Our team continues to follow federal, state, and local public health guidelines regarding COVID-19 to ensure our clients' safety. Please contact us today to learn more about our programs and services. Hope Starts Here!

Thursday, November 11, 2021

Can Stress Make You Sick?

stress and illness

Everyone faces some sort of stress almost every day. It could be as seemingly minor as waiting in line to check out at the grocery store when you are worried about everything else you have to do that day. Or it could be a major stress factor, such as losing a job or facing financial difficulties. Can stress make you sick? Stress can have a serious impact on your mental and your physical health, including your immune system.

Experiencing Stress

When you are stressed, your body’s internal chemistry changes. You have a stress hormone known as cortisol, which, along with your adrenaline and norepinephrine, surges as a result of stress. That increases your blood sugar levels, resulting in more glucose being allocated to your brain. The chain reaction is good for when you need a “fight or flight” response to a threatening situation.

However, the same biochemical responses will now kick into gear to help you react quickly when you’re under pressure and not necessarily seriously threatened. Rather than being faced with a predator, you may be running late for work or having an argument with a loved one. Prolonged stress, such as that experienced by most people during the COVID-19 pandemic, can also cause the chemical reaction in your body that can prove more harmful than helpful.

Stress and the Immune System

When you experience stress, your body increases its production of steroid hormones that include cortisol. These hormones normally regulate the immune system and help reduce inflammation, but chronic stress causes a miscommunication between your immune system and the hypothalamic-pituitary-adrenal axis. Essentially, this is the interaction between the pituitary glands, the adrenal glands, and the hypothalamus. Your stress hormones can depress your immune system by lowering the activity of those cells that respond to bacteria, viruses, and other inflammatory conditions.

Stress Symptoms

Prolonged stress can increase your risk of getting sick. One study has found that 60% to 80% of doctor’s office visits may be related to the patient’s stress levels. You may experience physical symptoms as soon as your stress level starts to increase. The symptoms will worsen as your stress continues and, in fact, if your stress levels remain high or you experience stress frequently, your risk of getting sick will also rise.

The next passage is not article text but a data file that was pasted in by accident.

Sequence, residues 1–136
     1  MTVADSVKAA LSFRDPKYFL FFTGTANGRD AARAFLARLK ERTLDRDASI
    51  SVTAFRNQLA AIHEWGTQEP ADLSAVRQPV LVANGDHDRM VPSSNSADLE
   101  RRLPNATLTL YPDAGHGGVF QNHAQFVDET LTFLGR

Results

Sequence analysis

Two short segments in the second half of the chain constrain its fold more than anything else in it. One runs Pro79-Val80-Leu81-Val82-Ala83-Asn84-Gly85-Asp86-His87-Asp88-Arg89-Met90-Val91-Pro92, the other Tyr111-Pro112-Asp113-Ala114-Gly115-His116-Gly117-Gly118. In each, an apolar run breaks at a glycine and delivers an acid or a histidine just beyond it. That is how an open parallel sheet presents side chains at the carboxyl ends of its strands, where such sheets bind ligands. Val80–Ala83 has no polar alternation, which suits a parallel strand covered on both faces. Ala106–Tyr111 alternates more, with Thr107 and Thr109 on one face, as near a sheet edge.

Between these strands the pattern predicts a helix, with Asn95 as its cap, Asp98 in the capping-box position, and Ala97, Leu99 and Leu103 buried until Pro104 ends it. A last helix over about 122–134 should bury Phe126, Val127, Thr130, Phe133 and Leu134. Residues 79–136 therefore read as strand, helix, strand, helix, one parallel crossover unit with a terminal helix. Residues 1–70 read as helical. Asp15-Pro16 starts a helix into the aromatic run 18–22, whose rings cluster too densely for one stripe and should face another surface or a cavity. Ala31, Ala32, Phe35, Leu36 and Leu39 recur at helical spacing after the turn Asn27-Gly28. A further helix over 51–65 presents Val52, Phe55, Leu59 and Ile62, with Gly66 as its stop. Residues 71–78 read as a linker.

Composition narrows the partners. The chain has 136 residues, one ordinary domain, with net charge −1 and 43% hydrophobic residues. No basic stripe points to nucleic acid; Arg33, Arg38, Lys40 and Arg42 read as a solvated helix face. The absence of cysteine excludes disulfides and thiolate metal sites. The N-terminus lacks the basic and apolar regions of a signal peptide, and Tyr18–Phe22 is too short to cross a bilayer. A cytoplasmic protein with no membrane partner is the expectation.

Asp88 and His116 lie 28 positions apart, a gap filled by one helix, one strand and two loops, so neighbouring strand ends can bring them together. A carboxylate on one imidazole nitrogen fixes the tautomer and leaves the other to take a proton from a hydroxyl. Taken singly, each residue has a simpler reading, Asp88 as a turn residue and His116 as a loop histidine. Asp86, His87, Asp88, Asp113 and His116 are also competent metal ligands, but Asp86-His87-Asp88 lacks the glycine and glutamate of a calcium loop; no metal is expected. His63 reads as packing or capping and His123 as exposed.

Symptoms caused by stress can include:

  • Increased blood pressure
  • Increased heart rate
  • Rapid breathing or shortness of breath
  • Muscle tension
  • Nausea
  • Dizziness
  • Headaches

Stress and Your Physical Health

From aches and pains to migraines, stress has been known to be at the root of a number of illnesses or, at the least, to make you more susceptible given that your immune system has also been affected.

Common cold: Chronic stress can prevent your body from properly regulating its inflammatory responses. You may be more susceptible to developing a cold when exposed to cold-causing germs when you have experienced stress over a long period of time.

Stomach-related illnesses: Stress can stop your gastrointestinal system from functioning as it should, and that can affect your large bowel and stomach. You can experience indigestion, abdominal pain, constipation, and diarrhea as a result. Stress not only aggravates the symptoms of irritable bowel syndrome but may be one of the main causes of the condition.

Obesity: Higher cortisol levels that are caused by chronic stress have been shown to influence weight gain. When you experience sleep issues related to stress, your cortisol levels are raised even further and that can lead to increases in your belly fat. You will probably also crave sweets and refined carbohydrates, which contribute to poor nutrition.

Heart disease: Stress, including that related to finances, work, life events, and emotional concerns, can increase your risk of heart disease. Increased blood pressure and cholesterol levels are directly linked to heart disease. Stress can also significantly increase your risk of having a fatal heart attack.

Stress and Addiction Treatment

When you need help with chronic stress and addiction, reach out to Hope by the Sea. You may be one of the 47.6 million Americans struggling with a mental health disorder, possibly from your chronic stress, as well as an alcohol or substance use disorder. We can help. Our team of highly trained professionals can help you heal and begin your journey of recovery. We offer many unique, evidence-based therapies designed to help you get on or get back on the road toward lasting recovery. Hope starts here!